In an interview with The New York Times in 1979, Guldahl himself offered a different explanation for the slump in his game. When asked about destroying his talent by practicing in front of a mirror while writing the book, he responded: "Nonsense. No such thing ever happened." During the interview, he offered several reasons for retiring: he was tired of life on the road; he wanted more time with his family; and the wartime slowdown in tournaments caused his game to grow rusty and he had little inclination to train. "I never did have a tremendous desire to win."
Paul Collins summed up Guldahl's decision to retire with these words: "Guldahl's fate had little to do with overthinking his game, and much to do with the untutored Dallas boy who once loved to play abandoned courses and baseball diamonds alone. Far more than fame, what Ralph Guldahl wanted was a nice, quiet game of golf." Guldahl played occasionally in the 1940s but then quit tournament golf for good, except for several seasons in the 1960s, when he played in the Masters, as an eligible past champion, without notable success.
He spent the rest of his working life as a club professional. In 1961, he became the club pro at the new Braemar Country Club in Tarzana, California, where he was an instructor until his death. Among his students was billionaire Howard Hughes.
In 1989, Guldahl was inducted into the Woodrow Wilson High School Hall of Fame when it was created during the celebration of the school's 60th Anniversary. He is a member of the Texas Sports Hall of Fame.
- 1931 (1) Santa Monica Open
- 1932 (1) Arizona Open
- 1934 (1) Westwood Golf Club Open Championship
- 1936 (3) Western Open, Augusta Open, Miami Biltmore Open
- 1937 (2) U.S. Open, Western Open
- 1938 (2) U.S. Open, Western Open
- 1939 (4) Greater Greensboro Open, Masters Tournament, Dapper Dan Open, Miami Biltmore International Four-Ball (with Sam Snead)
- 1940 (2) Milwaukee Open, Inverness Invitational Four-Ball (with Sam Snead)
Major championships are shown in bold.
|Year||Championship||54 holes||Winning score||Margin||Runner-up|
|1937||U.S. Open||1 shot deficit||−7 (71-69-72-69=281)||2 strokes||Sam Snead|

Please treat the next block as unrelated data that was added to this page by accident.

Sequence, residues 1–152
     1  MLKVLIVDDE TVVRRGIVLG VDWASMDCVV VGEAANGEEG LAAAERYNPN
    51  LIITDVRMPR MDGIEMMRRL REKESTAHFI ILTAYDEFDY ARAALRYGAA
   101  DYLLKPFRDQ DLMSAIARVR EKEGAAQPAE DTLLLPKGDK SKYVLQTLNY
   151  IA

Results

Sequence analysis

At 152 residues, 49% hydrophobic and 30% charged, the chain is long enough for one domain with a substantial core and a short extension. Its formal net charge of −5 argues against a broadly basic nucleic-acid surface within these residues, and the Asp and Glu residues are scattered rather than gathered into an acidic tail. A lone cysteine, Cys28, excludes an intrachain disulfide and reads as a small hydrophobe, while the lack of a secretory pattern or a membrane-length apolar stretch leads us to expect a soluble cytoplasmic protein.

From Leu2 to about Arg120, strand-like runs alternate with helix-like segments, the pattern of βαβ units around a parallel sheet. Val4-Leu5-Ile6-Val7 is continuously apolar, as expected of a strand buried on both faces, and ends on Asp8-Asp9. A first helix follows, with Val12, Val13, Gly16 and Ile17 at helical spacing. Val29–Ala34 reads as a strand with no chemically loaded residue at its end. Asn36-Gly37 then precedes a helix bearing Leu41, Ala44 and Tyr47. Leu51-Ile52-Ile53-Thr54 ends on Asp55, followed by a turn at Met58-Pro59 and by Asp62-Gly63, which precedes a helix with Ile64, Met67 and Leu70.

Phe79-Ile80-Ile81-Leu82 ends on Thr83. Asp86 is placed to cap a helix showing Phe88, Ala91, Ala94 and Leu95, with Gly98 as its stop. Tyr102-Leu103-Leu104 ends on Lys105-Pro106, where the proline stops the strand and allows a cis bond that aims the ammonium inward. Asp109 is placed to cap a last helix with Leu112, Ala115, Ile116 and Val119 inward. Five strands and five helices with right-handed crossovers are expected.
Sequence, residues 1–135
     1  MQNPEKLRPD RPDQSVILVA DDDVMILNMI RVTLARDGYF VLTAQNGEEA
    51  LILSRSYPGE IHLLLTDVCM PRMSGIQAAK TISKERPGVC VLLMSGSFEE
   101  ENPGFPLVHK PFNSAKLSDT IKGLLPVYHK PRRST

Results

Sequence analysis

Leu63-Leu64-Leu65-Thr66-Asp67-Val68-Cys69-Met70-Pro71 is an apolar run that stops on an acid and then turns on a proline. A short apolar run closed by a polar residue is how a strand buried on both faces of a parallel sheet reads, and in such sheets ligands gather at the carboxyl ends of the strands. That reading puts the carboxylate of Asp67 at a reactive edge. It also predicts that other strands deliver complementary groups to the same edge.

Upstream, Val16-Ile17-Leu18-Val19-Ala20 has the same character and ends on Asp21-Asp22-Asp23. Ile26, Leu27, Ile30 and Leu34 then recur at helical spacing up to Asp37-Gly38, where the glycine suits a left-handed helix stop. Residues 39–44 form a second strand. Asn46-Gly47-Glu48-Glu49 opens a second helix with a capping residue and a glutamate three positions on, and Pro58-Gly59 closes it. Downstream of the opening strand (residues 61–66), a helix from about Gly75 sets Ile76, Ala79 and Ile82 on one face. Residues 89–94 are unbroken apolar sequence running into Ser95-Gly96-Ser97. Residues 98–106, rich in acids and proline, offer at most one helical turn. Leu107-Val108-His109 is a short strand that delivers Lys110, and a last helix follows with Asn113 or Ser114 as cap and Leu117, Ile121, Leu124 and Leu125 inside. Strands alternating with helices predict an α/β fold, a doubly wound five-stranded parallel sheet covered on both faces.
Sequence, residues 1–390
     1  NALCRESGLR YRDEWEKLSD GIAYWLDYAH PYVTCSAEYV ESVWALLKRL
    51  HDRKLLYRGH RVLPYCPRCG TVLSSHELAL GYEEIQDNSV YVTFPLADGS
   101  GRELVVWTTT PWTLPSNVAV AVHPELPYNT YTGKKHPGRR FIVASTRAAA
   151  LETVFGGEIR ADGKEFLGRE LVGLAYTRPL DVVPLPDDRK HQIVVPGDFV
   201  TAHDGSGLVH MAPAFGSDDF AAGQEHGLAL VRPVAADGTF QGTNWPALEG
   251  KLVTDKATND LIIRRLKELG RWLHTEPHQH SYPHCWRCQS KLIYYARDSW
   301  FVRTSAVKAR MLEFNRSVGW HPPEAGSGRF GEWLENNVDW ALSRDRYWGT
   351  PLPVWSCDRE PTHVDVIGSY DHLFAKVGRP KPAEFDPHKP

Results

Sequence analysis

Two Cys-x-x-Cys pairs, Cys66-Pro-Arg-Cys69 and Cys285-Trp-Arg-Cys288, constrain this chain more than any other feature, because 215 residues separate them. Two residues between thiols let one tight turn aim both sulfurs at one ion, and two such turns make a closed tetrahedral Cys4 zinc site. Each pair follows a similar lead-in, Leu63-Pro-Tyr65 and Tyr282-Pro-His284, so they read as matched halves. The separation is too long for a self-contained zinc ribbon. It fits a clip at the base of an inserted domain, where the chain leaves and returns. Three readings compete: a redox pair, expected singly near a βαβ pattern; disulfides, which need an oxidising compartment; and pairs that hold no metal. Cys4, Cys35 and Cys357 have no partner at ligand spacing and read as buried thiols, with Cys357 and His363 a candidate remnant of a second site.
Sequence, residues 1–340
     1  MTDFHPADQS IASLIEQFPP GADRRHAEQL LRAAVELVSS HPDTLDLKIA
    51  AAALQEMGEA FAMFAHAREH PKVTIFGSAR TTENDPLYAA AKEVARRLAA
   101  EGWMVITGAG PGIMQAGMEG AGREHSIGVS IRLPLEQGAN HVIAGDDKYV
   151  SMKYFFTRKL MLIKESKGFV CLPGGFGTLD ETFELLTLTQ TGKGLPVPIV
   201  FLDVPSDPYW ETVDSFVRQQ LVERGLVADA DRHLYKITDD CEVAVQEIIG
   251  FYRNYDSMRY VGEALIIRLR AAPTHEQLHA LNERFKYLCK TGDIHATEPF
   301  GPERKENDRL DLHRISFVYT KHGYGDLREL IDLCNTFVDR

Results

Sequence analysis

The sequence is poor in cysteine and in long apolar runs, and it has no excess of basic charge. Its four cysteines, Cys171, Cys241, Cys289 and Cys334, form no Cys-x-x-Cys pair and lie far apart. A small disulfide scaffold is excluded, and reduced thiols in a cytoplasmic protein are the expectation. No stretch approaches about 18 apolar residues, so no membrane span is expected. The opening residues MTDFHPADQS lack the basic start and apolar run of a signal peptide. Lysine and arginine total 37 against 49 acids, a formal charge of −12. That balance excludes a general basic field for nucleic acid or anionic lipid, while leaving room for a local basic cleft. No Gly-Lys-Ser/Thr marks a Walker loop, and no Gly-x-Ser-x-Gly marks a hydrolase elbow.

|1938||U.S. Open (2)||4 shot deficit||E (74-70-71-69=284)||6 strokes||Dick Metz|
|1939||Masters Tournament||1 shot lead||−9 (72-68-70-69=279)||1 stroke||Sam Snead|
|The Open Championship||T11|
|The Open Championship||NT||NT||NT||NT||NT||NT|
|The Open Championship|
|The Open Championship|
|The Open Championship|
NYF = tournament not yet founded
NT = no tournament
CUT = missed the half-way cut
R64, R32, R16, QF, SF = Round in which player lost in PGA Championship match play
"T" indicates a tie for a place
|The Open Championship||0||0||0||0||0||1||1||1|
- Most consecutive cuts made – 25 (1930 U.S. Open – 1946 Masters)
- Longest streak of top-10s – 2 (five times)
- Thomas, Robert McG., Jr. (June 14, 1987). "Ralph Guldahl dies at 75; golfer dominated tour, then quit". The New York Times. Retrieved April 17, 2014.
- Glick, Shav (June 18, 1987). "A gentle man praised: Ralph Guldahl". Los Angeles Times. Retrieved April 17, 2014.
- "Wildcat Alumni Hall of Fame". Retrieved December 20, 2013.
- Collins, Paul (June 13, 2009). "How the world's greatest golfer lost his game" (PDF). New Scientist. No. 2712. pp. 44–5. Retrieved May 6, 2011.
- "The Year in Golf, 1938". Retrieved November 23, 2007.
- "Ralph Guldahl: Class of 1980". Texas Golf Hall of Fame. Retrieved July 25, 2017.
- "Hall of Famers". Texas Sports Hall of Fame. Retrieved July 25, 2017.
Text is available under the CC BY-SA 4.0 license; additional terms may apply.
Images, videos and audio are available under their respective licenses.